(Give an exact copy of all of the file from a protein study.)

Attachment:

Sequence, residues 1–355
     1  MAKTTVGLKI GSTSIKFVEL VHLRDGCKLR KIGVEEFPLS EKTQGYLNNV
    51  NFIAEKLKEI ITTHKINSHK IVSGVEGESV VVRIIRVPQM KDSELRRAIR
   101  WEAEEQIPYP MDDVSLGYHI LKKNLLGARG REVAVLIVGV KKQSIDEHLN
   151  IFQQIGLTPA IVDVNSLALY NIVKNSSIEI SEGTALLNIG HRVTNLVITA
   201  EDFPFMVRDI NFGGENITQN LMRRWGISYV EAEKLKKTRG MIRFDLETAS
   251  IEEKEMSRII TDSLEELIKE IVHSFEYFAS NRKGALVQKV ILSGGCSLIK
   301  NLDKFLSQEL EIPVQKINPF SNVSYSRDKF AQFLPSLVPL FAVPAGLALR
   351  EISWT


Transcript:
Sequence, residues 1–355
     1  MAKTTVGLKI GSTSIKFVEL VHLRDGCKLR KIGVEEFPLS EKTQGYLNNV
    51  NFIAEKLKEI ITTHKINSHK IVSGVEGESV VVRIIRVPQM KDSELRRAIR
   101  WEAEEQIPYP MDDVSLGYHI LKKNLLGARG REVAVLIVGV KKQSIDEHLN
   151  IFQQIGLTPA IVDVNSLALY NIVKNSSIEI SEGTALLNIG HRVTNLVITA
   201  EDFPFMVRDI NFGGENITQN LMRRWGISYV EAEKLKKTRG MIRFDLETAS
   251  IEEKEMSRII TDSLEELIKE IVHSFEYFAS NRKGALVQKV ILSGGCSLIK
   301  NLDKFLSQEL EIPVQKINPF SNVSYSRDKF AQFLPSLVPL FAVPAGLALR
   351  EISWT